Donald Trump’s Mar-a-Lago was a ‘nightmare’ environment to house classified documents, experts say


The seizure of classified US government documents from Donald Trump’s sprawling Mar-a-Lago retreat highlights the lingering national security concerns presented by the former president and the home he dubbed the White House of winter.

Mr Trump is under federal investigation for possible violations of the Espionage Act, which makes it illegal to spy for another country or mishandle US defense information.

As president, Mr. Trump has sometimes shared information, no matter how sensitive.

Early in his presidency, he spontaneously gave highly classified information to the Russian foreign minister about a planned Islamic State operation while in the Oval Office, US officials said at the time.

But it was at Mar-a-Lago that American intelligence seemed particularly threatened.

The mansion and private club located in Florida’s Palm Beach County was Mr Trump’s luxurious winter home.

The century-old property has 58 bedrooms, 33 bathrooms, 12 fireplaces and three bomb shelters.

Among the list of items seized was information on “the President of France” – presumably Emmanuel Macron, in office since 2017.(Pool via AP: Christian Hartmann)

It was where well-heeled members and guests attended fundraising dinners and frolicked on a breezy ocean patio, and Mr. Trump could host meetings with international leaders and foreign visitors.

The Secret Service provided security while Mr Trump was president and said they had not determined who had access to the club.

They did, however, carry out physical checks to ensure no one was bringing contraband, as well as additional checks for guests near the former president and other protected persons.

“Even the mere keeping of highly classified documents in inappropriate storage – especially given Mar-a-Lago, the foreign visitors there and others who may have ties to foreign governments and foreign agents – creates a significant threat to national security,” the former Justice Department said. (DOJ) official Mary McCord.

“Obviously they thought it was very serious about getting these materials back to a safe space,” Ms McCord said.

Three pages of printed paper showed a
The list of seized property includes several entries for “Various secret documents”.(Reuters: Jim Bourg)

Mr Trump, in a statement on his social media platform, said the records were “all declassified” and placed in “secure storage”.

However, Ms McCord said she saw no ‘plausible argument that he made a conscious decision about each of them to declassify them before he left’.

After leaving office, he had no authority to declassify information, she said.

The seizure by FBI agents on Monday of several sets of documents and dozens of boxes, including US defense information and a reference to the “French president”, poses a chilling scenario for intelligence professionals.

“It’s a nightmarish environment for the careful handling of highly classified information,” said a former US intelligence officer.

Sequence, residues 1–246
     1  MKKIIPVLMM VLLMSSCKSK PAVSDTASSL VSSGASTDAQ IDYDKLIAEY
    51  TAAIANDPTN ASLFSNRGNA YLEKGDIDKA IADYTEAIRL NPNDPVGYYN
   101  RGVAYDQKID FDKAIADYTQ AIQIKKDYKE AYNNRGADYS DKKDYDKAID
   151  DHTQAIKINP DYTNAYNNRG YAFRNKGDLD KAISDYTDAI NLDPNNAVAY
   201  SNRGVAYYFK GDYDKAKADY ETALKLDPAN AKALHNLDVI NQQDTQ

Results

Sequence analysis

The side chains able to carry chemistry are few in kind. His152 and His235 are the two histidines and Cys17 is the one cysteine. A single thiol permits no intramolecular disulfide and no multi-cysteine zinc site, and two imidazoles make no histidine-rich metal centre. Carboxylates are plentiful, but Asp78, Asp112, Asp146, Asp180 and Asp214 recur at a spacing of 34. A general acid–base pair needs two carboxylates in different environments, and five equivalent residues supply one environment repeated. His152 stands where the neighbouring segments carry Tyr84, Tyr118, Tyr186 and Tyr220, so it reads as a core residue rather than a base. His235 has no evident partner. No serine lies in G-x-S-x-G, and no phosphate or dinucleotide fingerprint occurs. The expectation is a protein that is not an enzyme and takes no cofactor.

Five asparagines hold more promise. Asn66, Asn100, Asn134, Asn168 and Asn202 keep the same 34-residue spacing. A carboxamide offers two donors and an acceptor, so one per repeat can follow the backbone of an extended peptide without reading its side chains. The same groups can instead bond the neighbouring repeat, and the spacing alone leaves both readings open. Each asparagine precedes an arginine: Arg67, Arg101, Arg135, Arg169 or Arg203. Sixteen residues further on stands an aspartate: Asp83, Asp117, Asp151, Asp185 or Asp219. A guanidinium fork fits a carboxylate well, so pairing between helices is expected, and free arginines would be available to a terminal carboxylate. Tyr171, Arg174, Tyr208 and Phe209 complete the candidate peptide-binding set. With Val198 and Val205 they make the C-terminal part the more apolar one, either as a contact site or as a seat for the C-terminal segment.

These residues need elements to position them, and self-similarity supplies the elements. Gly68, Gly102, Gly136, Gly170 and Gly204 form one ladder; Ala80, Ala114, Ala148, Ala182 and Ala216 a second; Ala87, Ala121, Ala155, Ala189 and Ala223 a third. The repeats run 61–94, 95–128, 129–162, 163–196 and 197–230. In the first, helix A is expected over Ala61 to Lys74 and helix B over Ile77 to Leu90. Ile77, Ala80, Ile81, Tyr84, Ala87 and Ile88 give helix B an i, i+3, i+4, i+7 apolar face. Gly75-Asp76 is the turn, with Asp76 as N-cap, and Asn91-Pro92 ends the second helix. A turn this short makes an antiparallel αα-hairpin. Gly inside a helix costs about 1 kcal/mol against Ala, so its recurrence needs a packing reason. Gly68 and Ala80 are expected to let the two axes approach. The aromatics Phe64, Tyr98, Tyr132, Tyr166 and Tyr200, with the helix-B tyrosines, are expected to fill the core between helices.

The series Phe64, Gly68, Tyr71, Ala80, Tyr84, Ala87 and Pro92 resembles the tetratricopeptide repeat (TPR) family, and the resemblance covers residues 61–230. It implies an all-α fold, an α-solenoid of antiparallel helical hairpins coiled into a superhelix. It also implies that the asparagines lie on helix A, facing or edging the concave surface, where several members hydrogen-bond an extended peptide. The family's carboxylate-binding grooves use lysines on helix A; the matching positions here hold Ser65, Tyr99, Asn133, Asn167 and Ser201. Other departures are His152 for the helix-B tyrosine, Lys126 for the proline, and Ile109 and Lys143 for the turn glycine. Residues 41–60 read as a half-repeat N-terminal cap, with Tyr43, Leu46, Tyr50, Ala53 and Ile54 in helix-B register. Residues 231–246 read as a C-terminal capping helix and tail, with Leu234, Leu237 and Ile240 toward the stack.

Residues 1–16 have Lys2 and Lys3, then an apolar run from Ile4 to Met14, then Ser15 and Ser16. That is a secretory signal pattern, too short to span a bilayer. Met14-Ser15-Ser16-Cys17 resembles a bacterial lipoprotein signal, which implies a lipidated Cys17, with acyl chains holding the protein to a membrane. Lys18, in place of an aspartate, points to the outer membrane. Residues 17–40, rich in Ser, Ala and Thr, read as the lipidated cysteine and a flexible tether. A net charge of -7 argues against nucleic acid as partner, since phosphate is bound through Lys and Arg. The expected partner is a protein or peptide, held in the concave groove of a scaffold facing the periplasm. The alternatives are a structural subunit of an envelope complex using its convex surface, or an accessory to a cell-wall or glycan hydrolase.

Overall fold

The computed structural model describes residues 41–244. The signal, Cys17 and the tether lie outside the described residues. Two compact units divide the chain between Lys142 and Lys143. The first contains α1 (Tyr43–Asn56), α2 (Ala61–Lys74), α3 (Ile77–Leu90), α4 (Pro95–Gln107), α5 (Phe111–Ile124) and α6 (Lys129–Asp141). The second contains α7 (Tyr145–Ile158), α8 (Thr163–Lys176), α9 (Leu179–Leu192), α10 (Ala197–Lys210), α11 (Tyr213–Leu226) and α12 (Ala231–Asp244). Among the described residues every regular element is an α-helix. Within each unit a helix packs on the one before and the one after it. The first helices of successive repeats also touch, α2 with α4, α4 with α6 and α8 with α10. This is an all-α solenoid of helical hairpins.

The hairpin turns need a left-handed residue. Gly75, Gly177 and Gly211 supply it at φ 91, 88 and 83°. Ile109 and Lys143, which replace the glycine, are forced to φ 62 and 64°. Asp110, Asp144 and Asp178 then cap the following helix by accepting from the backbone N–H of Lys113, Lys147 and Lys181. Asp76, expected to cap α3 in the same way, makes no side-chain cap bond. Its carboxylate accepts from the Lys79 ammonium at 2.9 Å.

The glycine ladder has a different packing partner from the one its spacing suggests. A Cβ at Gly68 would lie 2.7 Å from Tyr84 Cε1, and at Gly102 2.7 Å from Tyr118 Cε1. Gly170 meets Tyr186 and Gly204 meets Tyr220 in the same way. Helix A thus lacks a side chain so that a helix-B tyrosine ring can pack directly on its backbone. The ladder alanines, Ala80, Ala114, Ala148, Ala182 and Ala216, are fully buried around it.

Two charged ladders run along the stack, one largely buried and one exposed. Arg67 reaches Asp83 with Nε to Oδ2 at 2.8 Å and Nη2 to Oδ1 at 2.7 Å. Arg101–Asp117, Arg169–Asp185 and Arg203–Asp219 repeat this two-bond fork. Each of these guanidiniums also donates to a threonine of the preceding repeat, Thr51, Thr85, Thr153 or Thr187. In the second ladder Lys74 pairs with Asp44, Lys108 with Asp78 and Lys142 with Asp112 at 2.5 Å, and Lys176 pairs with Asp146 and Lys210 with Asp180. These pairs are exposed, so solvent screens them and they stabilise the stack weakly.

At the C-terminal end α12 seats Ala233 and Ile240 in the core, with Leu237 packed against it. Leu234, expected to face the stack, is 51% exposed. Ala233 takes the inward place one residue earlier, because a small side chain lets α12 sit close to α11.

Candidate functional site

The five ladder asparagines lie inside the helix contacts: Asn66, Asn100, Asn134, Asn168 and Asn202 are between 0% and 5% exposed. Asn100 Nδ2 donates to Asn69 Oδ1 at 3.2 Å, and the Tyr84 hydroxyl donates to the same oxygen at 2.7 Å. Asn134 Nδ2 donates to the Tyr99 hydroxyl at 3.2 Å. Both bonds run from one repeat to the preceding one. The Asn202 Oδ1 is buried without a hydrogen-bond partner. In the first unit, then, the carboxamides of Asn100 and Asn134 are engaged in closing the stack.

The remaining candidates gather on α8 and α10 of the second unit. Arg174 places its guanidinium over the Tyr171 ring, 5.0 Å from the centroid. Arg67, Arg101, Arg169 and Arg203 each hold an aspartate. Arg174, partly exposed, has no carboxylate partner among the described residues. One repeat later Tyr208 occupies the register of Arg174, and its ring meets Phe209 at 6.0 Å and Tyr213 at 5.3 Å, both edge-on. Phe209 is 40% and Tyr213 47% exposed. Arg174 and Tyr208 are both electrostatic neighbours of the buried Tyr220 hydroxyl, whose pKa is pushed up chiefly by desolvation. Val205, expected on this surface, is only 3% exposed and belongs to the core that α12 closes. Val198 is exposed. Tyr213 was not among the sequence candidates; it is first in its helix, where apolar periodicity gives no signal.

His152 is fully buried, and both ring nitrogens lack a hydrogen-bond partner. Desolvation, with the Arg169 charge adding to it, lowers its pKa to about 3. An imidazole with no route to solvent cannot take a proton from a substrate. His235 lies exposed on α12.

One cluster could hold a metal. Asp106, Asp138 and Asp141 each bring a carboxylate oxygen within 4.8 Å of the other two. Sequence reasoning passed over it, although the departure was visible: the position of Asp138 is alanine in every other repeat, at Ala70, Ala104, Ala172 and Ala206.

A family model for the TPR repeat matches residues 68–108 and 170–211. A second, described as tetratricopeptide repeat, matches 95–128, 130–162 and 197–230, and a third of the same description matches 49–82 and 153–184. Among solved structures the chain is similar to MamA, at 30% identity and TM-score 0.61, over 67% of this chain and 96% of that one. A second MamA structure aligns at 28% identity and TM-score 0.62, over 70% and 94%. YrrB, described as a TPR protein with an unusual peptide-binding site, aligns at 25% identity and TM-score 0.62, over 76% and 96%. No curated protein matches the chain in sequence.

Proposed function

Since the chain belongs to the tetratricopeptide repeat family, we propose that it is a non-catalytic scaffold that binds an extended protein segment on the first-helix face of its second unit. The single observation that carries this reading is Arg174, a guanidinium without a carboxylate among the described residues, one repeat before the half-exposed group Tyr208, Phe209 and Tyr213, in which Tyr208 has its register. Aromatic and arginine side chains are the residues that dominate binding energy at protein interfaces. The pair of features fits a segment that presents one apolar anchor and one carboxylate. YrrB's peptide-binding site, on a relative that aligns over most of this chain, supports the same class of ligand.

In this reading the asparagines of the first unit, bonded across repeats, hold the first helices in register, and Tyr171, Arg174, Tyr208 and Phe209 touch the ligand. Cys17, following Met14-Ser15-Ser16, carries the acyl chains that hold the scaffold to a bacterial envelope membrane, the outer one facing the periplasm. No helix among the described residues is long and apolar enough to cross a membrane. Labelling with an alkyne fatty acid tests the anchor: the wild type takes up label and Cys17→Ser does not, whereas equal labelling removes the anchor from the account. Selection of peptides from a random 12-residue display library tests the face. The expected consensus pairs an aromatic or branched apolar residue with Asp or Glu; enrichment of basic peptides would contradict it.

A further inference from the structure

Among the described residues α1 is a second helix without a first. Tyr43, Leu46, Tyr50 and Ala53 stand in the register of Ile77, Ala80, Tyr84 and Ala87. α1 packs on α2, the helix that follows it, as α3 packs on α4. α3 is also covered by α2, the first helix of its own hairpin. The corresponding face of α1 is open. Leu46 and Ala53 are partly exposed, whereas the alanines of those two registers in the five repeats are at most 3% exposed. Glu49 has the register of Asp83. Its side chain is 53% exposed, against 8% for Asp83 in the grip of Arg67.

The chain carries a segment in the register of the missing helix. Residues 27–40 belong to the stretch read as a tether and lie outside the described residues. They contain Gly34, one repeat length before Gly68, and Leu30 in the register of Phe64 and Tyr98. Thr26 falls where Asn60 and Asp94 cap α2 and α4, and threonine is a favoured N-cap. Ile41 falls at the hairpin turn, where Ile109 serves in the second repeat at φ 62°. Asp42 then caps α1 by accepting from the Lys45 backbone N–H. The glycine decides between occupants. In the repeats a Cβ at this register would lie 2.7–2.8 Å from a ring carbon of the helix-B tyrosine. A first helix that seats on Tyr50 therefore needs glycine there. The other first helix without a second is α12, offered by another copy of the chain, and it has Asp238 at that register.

“It’s just a nightmare.”

The DOJ did not provide specific information on how or where the documents and photos were stored, but the club’s general vulnerabilities were well documented.

Donald Trump looks at the camera as Japanese Prime Minister Shinzo Abe and aide discuss North Korea
Guests hovered and listened as Mr Trump discussed North Korea’s missile test with then Japanese Prime Minister Shinzo Abe at Mar-a-Lago. (Instagram: Erika Bain)

In a high-profile example, Mr. Trump in 2017 huddled with then-Japanese Prime Minister Shinzo Abe at an outdoor dinner table as guests hovered nearby, listening and snapping photos as he ‘they then posted on Twitter.

The dinner was disrupted by a North Korean missile test and guests listened to Mr. Trump and Mr. Abe figuring out what to say in response. After issuing a statement, Mr Trump moved on to a wedding party at the club.

“What we saw was that Trump was so lax on security that he had a sensitive meeting on a potential wartime topic where non-US government personnel could observe and photograph,” said Mark Zaid, a lawyer specializing in national security cases.

An aerial view of Donald Trump's Mar-a-Lago club in Florida
Trump bought the century-old property in 1985, using it as his private residence until 1995. ((Reuters/Carlos Barria))

“It would have been easy for someone to also have a device that also heard and recorded what Trump was saying.”

White House press secretary at the time of Abe’s visit, Sean Spicer, told reporters afterward that Mr. Trump was briefed on the North Korean launch in a secure room at Mar-a-Lago. . He minimized the scene on the patio.

“At that point, apparently, a photo was taken, where everyone jumped to damaging conclusions about what might or might not be discussed,” he said.

“There was just a discussion about press logistics, where to host the event.”

It was in the Mar-a-Lago safe room that Mr. Trump decided to launch airstrikes against Syria for the use of chemical weapons in April 2017.

With the decision made, Mr. Trump went to dinner with visiting Chinese President Xi Jinping. Over chocolate cake, Mr. Trump briefed Mr. Xi about the airstrikes.

In 2019, a Chinese woman who passed club security checks with a USB key encoded with “malicious” software was arrested for entering a restricted-access property and making false statements to authorities, authorities said at the time.

Then-White House chief of staff John Kelly launched an effort to try to limit who had access to Mr Trump at Mar-a-Lago, but the effort failed when Mr Trump refused to cooperate, aides said at the time.



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